Anthony Joshua can put his feet up this weekend and check out the opposition. This weekend, all eyes are on WBC heavyweight champion Deontay Wilder, who steps into the spotlight for a mandatory defence against the man he ripped the belts away from in 2015, Bermane Stiverne. Here’s our boxing odds expert Adrian Clarke with […]
Anthony Joshua can put his feet up this weekend and check out the opposition.
This weekend, all eyes are on WBC heavyweight champion Deontay Wilder, who steps into the spotlight for a mandatory defence against the man he ripped the belts away from in 2015, Bermane Stiverne.
Here’s our boxing odds expert Adrian Clarke with his thoughts on the bout in Brooklyn…
Take away The Bronze Bomber’s filthy, monstrous right hand and the critics say you’ve got a pretty average unbeaten world heavyweight champion defending his title on Saturday night.
While it’s indisputable that Deontay Wilder’s reign as the WBC king has been unmemorable, it’s unfair to label him a one-trick pony.
I believe there’s a relatively accomplished boxer hiding behind that devastating right hook if, and when, he needs to use those skills.
To gain full respect though, the 32-year-old Alabaman desperately needs a proper fight; one that takes him to the edge and back.
— Deontay Wilder (@BronzeBomber) November 2, 2017
Joshua’s status as a global superstar was earned thanks to an epic victory against Wladimir Klitschko, a duel that took him to the brink – but there has been no such drama for The Bronze Bomber.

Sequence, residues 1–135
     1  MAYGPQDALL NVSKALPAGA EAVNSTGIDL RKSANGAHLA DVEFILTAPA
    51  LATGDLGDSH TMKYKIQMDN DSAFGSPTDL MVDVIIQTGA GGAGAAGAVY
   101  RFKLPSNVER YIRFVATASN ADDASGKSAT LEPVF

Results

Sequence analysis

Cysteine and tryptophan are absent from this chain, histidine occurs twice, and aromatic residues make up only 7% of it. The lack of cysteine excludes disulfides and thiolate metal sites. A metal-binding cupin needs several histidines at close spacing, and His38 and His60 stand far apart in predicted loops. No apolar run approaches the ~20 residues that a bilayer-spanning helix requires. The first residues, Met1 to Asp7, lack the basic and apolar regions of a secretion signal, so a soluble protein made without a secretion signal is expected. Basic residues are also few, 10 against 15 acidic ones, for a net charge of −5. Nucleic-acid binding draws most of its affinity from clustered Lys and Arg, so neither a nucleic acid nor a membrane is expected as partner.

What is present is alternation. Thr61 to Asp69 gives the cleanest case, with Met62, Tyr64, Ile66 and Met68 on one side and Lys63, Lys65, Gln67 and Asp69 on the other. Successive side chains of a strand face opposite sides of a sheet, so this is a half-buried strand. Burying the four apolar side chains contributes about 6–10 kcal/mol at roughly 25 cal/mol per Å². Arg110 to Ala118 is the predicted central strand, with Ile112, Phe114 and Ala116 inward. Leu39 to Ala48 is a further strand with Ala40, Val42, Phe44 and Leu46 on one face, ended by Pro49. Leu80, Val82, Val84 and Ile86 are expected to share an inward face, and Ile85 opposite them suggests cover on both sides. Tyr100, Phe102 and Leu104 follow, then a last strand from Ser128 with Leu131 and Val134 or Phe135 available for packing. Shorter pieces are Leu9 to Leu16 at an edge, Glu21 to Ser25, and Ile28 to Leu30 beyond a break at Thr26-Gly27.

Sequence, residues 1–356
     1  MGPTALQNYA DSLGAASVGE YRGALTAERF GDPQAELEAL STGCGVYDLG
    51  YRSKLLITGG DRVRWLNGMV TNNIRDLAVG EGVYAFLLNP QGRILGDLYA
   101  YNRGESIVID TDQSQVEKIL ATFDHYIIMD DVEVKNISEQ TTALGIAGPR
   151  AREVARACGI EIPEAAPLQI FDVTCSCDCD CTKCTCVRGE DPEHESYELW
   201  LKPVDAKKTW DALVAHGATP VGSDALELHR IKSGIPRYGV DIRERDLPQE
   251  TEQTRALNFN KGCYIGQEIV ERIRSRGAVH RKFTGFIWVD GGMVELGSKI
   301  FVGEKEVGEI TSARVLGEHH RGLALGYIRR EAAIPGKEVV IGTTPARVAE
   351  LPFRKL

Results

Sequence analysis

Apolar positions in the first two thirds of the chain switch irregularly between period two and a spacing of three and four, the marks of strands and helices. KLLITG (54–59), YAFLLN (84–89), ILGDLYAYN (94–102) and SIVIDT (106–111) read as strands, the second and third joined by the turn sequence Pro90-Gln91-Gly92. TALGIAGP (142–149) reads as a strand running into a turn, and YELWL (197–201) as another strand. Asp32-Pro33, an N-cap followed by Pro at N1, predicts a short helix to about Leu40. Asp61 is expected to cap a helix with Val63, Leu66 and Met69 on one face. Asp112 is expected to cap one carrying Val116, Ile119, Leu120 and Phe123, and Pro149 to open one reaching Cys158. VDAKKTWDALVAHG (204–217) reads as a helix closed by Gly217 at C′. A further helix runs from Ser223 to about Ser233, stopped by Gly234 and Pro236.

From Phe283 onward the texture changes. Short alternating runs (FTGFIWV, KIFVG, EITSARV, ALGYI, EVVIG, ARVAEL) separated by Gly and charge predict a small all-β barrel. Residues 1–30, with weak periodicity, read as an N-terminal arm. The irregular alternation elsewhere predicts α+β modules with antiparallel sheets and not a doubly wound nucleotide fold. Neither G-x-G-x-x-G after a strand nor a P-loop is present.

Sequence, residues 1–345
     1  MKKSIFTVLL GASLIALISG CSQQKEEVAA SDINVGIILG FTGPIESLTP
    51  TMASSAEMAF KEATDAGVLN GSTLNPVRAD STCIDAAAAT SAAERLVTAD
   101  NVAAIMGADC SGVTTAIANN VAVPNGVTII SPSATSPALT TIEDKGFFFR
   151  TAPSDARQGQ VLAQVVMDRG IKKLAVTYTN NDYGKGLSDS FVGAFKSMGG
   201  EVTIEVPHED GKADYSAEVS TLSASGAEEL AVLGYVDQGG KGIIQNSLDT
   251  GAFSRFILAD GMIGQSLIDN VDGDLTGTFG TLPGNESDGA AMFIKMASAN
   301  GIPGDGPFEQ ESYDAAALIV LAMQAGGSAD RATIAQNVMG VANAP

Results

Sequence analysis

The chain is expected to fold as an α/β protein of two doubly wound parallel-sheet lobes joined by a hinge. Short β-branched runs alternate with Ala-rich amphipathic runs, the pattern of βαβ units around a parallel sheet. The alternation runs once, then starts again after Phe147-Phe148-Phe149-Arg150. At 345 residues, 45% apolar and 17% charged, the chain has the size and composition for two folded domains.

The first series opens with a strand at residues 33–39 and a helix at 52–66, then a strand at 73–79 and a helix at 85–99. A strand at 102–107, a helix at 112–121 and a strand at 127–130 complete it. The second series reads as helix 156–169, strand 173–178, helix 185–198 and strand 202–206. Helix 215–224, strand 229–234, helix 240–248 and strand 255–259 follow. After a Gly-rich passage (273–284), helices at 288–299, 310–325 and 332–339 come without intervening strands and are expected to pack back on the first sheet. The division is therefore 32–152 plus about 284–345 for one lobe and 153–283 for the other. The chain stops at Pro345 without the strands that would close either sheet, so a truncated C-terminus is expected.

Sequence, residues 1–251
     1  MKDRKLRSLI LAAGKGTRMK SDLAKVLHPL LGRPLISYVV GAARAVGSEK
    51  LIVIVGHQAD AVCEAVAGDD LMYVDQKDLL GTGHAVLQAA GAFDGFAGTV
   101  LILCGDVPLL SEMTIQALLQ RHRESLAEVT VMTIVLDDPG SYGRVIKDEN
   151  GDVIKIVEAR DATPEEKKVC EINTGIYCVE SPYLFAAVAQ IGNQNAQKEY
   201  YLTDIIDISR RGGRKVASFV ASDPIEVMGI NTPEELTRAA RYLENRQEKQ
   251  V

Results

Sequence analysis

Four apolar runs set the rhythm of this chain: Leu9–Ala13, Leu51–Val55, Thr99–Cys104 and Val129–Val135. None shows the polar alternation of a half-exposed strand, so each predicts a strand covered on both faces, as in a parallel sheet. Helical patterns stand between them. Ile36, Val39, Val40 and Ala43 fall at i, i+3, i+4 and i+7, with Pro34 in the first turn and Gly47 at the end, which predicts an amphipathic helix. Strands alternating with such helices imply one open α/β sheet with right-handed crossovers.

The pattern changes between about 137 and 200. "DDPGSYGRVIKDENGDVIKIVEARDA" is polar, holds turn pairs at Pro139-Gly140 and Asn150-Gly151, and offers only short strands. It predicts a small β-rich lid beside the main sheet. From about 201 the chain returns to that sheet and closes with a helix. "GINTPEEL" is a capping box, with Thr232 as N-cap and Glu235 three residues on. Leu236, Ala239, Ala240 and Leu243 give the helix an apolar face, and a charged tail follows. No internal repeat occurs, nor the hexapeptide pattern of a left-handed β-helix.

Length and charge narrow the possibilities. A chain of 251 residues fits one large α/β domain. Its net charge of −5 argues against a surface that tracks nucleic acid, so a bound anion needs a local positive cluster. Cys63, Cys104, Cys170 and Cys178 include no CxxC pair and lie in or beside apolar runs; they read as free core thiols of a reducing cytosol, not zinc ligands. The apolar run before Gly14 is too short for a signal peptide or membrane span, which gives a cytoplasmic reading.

Of his five low-key defences against cannon fodder Eric Molina, Johann Duhaupas, Artur Szpilka, Chris Arreola and Gerald Washington, he has performed just fine, winning easily.
But with the exception of a stunning one punch KO of Szpilka – in the closest of those scraps –sporting drama never bothered to show up.
It’s been too mundane, so it’s high time we saw Wilder up against some proper opposition.
He agreed to fight the incredibly dangerous Alexander Povetkin in Russia last year, only for the home fighter to fail a drugs test. And the same thing happened recently when unbeaten Cuban southpaw Luis Ortiz was forced to step aside because of a drugs ban.
So the 38-0 champion finds himself up against Bermane Stiverne for the second time, the only person that’s ever taken him to points.
Stiverne was one of the weakest heavyweight champions of all-time and hasn’t fought for two years. When he did, he was rank awful against a journeyman called Derric Rossy, scraping to a scruffy points win.
Apart from dining out on the fact he’s the only boxer to take Wilder the distance, quite what he’s done to earn this rematch is a mystery only the World Boxing Council can answer.
For the record it should be noted that the champ broke his fearsome right hand early on in their last clash, lowering his chances of taking the stoppage.
So if he’s fully fit for this one in New York, I envisage Wilder blowing Stiverne and his ring rust away between the 5th and 10th rounds. If he doesn’t, he will score another easy points win anyway.
.@BronzeBomber rolls with the punches but only so many can be absorbed.
— SHOWTIME Boxing (@ShowtimeBoxing) October 31, 2017
With the AJ fight looming on the horizon I do anticipate the giant American trying hard to conjure up a statement victory.
If he does, it could guarantee an extra ‘0’ on his pay cheque for that appetising and inevitable clash of the Titans.
The Londoner has never faced anyone with Wilder’s knockout power, and in recent outings, we’ve seen just how green and vulnerable he can be.
Your money is safe on Wilder this weekend. There won’t be a shock in Brooklyn on Saturday night.
It’s how he wins that interests me most.
Should he conjure up a destructive KO, the calls for a mega unification fight will grow much, much louder – and this will be good for Wilder, and the sport of boxing.
We need to see AJ up against this dangerous WBC champion. It’s going to be unbelievably explosive.
Wilder to win (at 1/25)